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Enzyme prevents CRISPR making a clean cut
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An antiviral enzyme can cause accidental mutations during the repair of broken DNA strands.
The gene-editing tool CRISPR-Cas9 makes precise cuts in DNA strands. Repair of these breaks is required to complete the editing process, but can be scuppered by mutations, such as the unwanted insertion, deletion or replacement of base pairs – the building blocks of the DNA double helix. A team including researchers from ShanghaiTech University studied the role of APOBEC3, a family of antiviral enzymes produced in immune cells, in the repair of DNA breaks in E. coli samples. They find that APOBEC3 introduces mutations by turning a C-G base pair into a U-G base pair. In contrast, suppressing the activity of APOBEC3 reduced the number of mutations.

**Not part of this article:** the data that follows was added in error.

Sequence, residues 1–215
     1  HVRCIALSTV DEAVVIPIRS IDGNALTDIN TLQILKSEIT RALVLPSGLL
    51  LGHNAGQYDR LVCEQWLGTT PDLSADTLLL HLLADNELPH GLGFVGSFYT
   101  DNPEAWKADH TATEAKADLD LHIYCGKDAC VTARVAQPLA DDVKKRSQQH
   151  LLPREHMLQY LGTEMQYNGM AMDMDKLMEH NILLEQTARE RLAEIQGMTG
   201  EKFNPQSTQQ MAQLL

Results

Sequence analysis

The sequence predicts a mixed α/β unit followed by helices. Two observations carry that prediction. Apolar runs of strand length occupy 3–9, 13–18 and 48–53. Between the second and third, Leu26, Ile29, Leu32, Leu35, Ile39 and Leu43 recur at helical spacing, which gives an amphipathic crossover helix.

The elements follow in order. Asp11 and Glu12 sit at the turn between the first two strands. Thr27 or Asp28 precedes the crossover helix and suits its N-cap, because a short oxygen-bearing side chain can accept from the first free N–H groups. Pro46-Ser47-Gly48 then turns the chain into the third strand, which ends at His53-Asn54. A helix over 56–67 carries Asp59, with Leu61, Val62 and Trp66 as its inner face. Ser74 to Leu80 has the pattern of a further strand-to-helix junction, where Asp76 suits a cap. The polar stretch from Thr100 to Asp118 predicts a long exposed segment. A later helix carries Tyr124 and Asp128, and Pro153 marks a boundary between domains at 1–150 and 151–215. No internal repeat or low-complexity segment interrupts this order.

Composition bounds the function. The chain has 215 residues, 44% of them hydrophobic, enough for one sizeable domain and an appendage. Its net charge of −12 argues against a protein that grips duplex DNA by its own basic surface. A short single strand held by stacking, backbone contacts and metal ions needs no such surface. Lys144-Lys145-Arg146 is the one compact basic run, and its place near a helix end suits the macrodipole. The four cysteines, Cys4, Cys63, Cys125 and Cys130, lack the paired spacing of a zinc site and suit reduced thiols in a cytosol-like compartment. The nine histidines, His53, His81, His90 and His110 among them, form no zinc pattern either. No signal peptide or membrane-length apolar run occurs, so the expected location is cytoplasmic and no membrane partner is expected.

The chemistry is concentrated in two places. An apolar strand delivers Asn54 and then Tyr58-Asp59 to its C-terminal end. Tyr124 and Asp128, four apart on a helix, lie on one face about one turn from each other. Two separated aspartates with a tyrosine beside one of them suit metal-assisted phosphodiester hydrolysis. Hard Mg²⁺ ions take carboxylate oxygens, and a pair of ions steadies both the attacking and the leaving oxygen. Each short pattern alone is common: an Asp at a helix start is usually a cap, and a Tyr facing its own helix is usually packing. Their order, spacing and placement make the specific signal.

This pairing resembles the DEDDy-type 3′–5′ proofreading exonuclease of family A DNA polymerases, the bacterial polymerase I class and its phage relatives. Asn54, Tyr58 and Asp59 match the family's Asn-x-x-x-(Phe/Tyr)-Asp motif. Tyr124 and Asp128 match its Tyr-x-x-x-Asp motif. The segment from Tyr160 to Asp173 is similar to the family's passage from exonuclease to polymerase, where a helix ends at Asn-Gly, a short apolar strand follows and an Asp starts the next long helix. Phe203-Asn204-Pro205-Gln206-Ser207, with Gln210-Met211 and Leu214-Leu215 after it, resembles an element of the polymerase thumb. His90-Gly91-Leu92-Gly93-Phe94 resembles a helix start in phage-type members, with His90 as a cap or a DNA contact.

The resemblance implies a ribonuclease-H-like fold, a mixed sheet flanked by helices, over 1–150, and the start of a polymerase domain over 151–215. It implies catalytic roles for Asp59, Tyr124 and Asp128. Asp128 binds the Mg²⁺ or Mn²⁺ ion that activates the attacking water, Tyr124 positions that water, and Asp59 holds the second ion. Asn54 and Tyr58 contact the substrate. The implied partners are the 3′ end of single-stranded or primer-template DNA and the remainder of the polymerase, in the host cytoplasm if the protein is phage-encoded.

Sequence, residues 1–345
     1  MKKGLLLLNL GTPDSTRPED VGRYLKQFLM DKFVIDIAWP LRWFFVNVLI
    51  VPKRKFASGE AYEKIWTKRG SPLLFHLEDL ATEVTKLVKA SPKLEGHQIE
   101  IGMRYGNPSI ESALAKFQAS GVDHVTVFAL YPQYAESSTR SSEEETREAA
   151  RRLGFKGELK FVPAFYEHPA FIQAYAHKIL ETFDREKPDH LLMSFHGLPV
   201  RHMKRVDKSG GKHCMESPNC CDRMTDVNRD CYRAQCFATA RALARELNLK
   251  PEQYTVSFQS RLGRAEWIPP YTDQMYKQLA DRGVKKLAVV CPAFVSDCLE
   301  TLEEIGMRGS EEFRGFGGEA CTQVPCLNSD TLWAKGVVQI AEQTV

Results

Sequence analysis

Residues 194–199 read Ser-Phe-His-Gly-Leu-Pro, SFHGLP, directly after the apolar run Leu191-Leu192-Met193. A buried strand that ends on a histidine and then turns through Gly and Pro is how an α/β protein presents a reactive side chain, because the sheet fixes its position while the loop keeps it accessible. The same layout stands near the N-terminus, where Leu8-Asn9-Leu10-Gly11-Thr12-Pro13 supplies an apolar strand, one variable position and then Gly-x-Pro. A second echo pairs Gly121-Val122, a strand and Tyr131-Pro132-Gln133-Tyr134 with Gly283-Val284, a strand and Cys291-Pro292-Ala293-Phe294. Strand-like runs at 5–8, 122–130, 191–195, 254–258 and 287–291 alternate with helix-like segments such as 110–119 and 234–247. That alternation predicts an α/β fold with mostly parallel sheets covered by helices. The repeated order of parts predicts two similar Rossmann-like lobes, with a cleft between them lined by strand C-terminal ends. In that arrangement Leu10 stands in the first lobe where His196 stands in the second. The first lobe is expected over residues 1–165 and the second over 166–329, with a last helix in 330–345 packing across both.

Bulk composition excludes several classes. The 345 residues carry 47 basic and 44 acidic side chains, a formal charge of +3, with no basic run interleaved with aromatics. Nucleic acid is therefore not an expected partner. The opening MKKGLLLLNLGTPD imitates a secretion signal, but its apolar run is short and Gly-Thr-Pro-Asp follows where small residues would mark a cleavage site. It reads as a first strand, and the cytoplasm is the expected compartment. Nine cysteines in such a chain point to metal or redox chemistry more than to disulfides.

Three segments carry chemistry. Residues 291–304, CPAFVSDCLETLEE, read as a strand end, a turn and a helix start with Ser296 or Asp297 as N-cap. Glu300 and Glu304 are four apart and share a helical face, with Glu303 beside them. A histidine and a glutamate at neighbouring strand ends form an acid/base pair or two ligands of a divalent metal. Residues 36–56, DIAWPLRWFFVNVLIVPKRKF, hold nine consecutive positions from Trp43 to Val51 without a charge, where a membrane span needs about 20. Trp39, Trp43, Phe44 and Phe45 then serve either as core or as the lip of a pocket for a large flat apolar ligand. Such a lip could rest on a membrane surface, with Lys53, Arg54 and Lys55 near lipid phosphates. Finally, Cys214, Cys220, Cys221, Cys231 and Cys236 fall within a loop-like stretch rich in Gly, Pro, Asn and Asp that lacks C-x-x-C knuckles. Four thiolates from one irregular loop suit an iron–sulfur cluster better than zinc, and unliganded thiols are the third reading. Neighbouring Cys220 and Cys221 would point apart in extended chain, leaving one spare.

Preventing unintended mutations during DNA repair could help make gene editing tools more effective.
- Nature Structural & Molecular Biology 25, 45–52 (2018). doi: 10.1038/s41594-017-0004-6